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Reminiscences of torpedo service in Charleston Harbor by W. T. Glassel, Commander Confederate States Navy.

[The following interesting paper was sent us through the Secretary of the South Carolina Historical Society. In a note accompanying the paper the author says that while he has written from memory, and without official reports to refer to, he believes he has given the facts in the order of their occurrence.]

I had served, I believe faithfully, as a lieutenant in the United States navy, and had returned from China on the United States steamer “Hartford” to Philadelphia, sometime in 1862, after the battles of Manassas and Ball's Bluff had been fought. I was informed that I must now take a new oath of allegiance or be sent immediately to Fort Warren. I refused to take this oath, on the ground that it was inconsistent with one I had already taken to support the Constitution of the United States. I was kept in Fort Warren about eight months, and then exchanged as a prisoner of war, on the banks of the James river. Being actually placed in the ranks of the Confederate States, I should think that even Mr. President Hayes would now acknowledge that it was my right, if not my duty, to act the part of a belligerent.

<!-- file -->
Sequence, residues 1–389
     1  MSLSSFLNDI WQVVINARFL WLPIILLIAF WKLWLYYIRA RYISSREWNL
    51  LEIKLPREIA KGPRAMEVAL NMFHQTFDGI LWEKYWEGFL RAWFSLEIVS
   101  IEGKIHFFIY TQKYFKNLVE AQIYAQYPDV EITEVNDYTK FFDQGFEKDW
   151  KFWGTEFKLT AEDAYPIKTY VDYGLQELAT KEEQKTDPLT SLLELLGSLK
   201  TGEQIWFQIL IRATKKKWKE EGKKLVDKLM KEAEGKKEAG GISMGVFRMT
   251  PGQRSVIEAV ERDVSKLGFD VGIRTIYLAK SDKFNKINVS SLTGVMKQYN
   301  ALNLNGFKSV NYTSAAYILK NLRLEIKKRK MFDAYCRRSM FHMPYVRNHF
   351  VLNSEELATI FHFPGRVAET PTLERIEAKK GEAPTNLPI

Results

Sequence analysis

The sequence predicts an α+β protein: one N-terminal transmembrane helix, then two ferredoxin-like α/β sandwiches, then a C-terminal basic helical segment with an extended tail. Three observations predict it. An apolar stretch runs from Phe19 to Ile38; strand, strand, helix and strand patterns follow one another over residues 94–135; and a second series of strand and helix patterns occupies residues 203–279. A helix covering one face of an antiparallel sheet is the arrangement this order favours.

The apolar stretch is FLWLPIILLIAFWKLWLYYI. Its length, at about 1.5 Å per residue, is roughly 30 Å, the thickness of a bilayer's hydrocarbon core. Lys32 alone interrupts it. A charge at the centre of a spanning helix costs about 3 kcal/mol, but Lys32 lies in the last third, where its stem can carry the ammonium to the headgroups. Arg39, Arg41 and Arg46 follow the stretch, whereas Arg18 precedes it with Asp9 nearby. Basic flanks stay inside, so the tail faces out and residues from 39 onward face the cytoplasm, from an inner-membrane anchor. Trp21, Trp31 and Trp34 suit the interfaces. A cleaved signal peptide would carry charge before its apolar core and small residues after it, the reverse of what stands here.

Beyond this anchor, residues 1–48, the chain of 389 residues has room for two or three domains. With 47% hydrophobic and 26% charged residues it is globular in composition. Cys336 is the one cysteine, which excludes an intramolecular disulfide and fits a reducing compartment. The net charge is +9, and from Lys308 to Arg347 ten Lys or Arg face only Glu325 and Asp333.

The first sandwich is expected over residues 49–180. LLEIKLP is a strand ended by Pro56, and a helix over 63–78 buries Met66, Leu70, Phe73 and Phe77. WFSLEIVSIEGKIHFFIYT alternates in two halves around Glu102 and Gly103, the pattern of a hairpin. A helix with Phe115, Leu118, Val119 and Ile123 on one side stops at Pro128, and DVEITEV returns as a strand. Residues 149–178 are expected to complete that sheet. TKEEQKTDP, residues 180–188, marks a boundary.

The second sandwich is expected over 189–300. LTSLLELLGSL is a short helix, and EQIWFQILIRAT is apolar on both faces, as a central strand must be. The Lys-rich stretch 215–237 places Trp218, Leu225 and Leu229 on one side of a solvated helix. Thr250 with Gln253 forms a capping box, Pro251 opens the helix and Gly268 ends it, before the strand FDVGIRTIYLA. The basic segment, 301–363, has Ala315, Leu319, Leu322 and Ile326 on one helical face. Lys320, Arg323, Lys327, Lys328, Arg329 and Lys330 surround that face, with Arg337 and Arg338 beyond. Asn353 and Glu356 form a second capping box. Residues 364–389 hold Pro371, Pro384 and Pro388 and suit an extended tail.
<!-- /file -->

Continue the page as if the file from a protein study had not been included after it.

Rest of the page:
A lieutenant's commission in the Confederate States navy was conferred on me, with orders to report for duty on the iron-clad “Chicora” at Charleston. My duties were those of a deck officer, and I had charge of the first division.

On the occasion of the attack upon the blockading squadron (making the attack at night), if I could have had any influence, we should not have fired a gun, but trusted to the effect of ironrams at full speed. It was thought, though, by older and perhaps wiser officers, that this would have been at the risk of sinking our iron-clads together with the vessels of the enemy. I have ever believed there was no such danger to be apprehended; and if there was, we had better have encountered it, than to have made the fruitless attempt which we did, only frightening the enemy and putting them on their guard for the future.

It was my part, on that memorable morning, to aim and fire one effective shell into the “Keystone State” while running down to attack us, which (according to Captain LeRoy's report), killing

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